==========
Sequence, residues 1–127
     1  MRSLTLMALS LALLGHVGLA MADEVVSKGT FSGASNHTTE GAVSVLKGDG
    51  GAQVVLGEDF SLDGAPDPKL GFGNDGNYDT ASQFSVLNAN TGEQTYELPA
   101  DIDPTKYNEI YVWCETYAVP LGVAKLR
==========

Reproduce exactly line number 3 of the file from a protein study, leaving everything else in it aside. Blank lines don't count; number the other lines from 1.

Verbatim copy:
    51  GAQVVLGEDF SLDGAPDPKL GFGNDGNYDT ASQFSVLNAN TGEQTYELPA